Extracting quantal properties of transmission at central synapses.
Advanced Patch-Clamp Analysis for Neuroscientists. 2016-01-01; : 193-211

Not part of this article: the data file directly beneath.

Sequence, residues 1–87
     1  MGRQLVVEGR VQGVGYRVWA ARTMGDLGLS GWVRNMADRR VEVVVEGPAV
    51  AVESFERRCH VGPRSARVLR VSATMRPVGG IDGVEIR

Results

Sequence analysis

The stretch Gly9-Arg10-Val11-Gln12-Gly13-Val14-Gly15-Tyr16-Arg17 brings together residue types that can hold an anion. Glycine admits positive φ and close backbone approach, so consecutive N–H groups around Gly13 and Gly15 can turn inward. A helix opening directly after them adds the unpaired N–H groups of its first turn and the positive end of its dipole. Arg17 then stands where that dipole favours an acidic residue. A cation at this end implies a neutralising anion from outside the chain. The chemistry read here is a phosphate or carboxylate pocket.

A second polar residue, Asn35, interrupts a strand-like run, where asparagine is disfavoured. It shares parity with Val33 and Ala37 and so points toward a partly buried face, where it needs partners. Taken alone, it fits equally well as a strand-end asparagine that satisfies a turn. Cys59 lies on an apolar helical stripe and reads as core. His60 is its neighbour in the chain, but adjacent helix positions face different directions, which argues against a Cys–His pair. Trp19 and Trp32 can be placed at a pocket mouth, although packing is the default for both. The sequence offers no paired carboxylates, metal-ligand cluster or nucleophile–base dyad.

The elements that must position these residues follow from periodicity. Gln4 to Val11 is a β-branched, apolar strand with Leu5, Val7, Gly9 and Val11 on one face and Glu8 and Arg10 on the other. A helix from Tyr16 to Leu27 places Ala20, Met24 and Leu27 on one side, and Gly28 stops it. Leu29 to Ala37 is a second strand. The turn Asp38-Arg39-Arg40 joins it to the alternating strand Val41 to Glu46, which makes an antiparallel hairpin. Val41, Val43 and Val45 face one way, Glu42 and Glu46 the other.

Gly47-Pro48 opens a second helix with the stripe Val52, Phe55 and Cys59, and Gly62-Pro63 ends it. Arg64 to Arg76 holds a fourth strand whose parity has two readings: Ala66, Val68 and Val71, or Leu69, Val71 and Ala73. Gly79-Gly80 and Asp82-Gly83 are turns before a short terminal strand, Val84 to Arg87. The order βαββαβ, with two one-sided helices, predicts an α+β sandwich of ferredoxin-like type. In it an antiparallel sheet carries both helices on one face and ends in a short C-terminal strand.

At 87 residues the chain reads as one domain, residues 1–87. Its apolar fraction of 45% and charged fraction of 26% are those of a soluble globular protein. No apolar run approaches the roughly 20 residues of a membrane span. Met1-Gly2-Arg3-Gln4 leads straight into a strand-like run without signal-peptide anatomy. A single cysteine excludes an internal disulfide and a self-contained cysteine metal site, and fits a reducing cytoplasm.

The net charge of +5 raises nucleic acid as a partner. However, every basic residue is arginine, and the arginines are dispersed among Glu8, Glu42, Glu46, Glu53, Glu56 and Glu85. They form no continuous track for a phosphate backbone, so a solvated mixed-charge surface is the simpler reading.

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Chemical synapses enable neurons to communicate rapidly, process and filter signals and to store information. However, studying their functional properties is difficult because synaptic connections typically consist of multiple synaptic contacts that release vesicles stochastically and exhibit time-dependent behavior. Moreover, most central synapses are small and inaccessible to direct measurements. Estimation of synaptic properties from responses recorded at the soma is complicated by the presence of nonuniform release probability and nonuniform quantal properties. The presence of multivesicular release and postsynaptic receptor saturation at some synapses can also complicate the interpretation of quantal parameters. Multiple-probability fluctuation analysis (MPFA; also known as variance-mean analysis) is a method that has been developed for estimating synaptic parameters from the variance and mean amplitude of synaptic responses recorded at different release probabilities. This statistical approach, which incorporates nonuniform synaptic properties, has become widely used for studying synaptic transmission. In this chapter, we describe the statistical models used to extract quantal parameters and discuss their interpretation when applying MPFA.